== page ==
The industry has already managed the what-if several times over. TMI, Chernobyl, and Fukushima. The world still exists. Nuclear power plants still generate electricity. Yes, there are lessons to learn but the industry needs to stop the patting of one’s self on the back for being proactive, bowing to the professional hand-wringers or even the self-flagellation that occurs in the industry. Just address the issues and get back to boring job of selling nuclear generated electricity to customers.

    The advertising message should be the output of a nuclear reactor is benign electricity being transmitted to everyone’s homes 24/7/365. Is the NEI lobbying Congress to have money included in DOE’s education fund to educate about how nuclear generated electricity is carbon-free? Our kids are being subjected to DOE/NREL pushing wind and solar into our schools. A lobbying effort needs to happen to either stop the federally funded “education” program or have Congress include money to educate how nuclear generated electricity is also carbon-free.

    The industry needs to reopen the visitor centers that were closed after 9/11. Increase the access, stop hiding nuclear power behind three layers of concertina wire and concrete tank barriers. Who actually believes tank barriers are required at a nuclear power plant? If so then every industrial facility with toxic or explosive compounds should be regulated in the same fashion. The nuclear energy profession is its own worst enemy when it continually agrees to a ratcheting of security measures imposed by the NRC based on the theory that terrorists have unlimited resources and unlimited time to access the nuclear material. That is a logical fallacy and the industry needs to start pushing back.

    I always come back to how the AMA (American Medical Association) handles the issues of nuclear medicine. I have family members who are members of the medical profession. AMA and the various other medical associations such as those for nurses or therapists don’t go around training their people to believe that nuclear medicine is a good thing but we need to spend billions (yes billions with a b which is what nuclear power is doing) ensuring that nuclear medicine needs to be even more “safe”. They just go, do and then learn from events that occur.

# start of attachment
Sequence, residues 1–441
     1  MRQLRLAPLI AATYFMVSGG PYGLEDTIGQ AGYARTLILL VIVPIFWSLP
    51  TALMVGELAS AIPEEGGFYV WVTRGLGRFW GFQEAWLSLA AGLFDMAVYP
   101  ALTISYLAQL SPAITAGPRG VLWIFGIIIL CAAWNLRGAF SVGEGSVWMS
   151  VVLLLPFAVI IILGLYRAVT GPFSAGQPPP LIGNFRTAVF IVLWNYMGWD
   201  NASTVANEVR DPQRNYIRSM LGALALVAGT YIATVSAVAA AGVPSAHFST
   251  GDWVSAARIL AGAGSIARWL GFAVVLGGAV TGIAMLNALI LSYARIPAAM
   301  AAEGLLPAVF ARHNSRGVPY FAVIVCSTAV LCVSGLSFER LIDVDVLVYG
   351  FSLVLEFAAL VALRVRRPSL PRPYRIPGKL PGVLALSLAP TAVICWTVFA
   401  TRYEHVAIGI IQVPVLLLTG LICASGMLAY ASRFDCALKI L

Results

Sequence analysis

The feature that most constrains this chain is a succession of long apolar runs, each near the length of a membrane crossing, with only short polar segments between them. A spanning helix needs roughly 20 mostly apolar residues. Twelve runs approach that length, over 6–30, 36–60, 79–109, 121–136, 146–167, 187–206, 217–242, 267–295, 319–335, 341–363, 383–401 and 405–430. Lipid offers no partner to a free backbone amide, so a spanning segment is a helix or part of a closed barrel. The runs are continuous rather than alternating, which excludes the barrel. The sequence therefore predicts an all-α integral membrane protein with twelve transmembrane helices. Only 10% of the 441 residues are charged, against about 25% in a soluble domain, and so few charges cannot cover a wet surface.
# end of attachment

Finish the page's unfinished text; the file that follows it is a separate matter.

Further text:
The NRC has fined medical organizations for improper handling of nuclear material. 10CFR35 covers medical uses of nuclear material. There is no public outcry clamoring to shut down a specific hospital, or banning for life from the medical industry the individual who made the mistake. No headlines in the regular newspapers, internet headlines, industrial magazine articles or even tweets about how the medical industry is harming the public by mishandling nuclear material as there are for every reportable event at a nuclear power plant. And when was the last time you saw concrete barriers around a hospital that has a nuclear medicine department?

    There are a number of other examples where the nuclear industry is losing the PR war due to its own passivity or a belief that “proactive” action will ensure a positive perception of nuclear power.

    Chernobyl – When is the area around Chernobyl going to be cleaned up and the exclusion zone lifted? If the industry does not push the Ukraine government to clean up the surrounding area, we will be subjected to more pictures of decaying buildings for years to come that are no danger to anyone. The pictures are just click-bait that provide visual “proof” to the public that nuclear reactors must be inherently dangerous and something to avoid.

    Fukushima –It is time for the exclusion zone to be eliminated and fence off the hot spots until there is time and resources to clean them. Every person in the nuclear power field who is actively supporting, or who believes at this point the exclusion zone is required is now part of the problem at Fukushima.

    Spent Fuel – There is a difference between “danger” and “risk”. I have heard too many nuclear professionals equate the two partly because that is what they have been trained to do to address the regulatory burden or based on their professional education. Unshielded spent fuel is a very dangerous situation but so is an unshielded medical source, overexposure to lead, mercury or any other toxic chemical. The danger and the risk to the public occurs only if they are exposed to unshielded spent fuel. Maintaining a layered shield around spent fuel ensures the public is not in danger and eliminates the risk of exposure.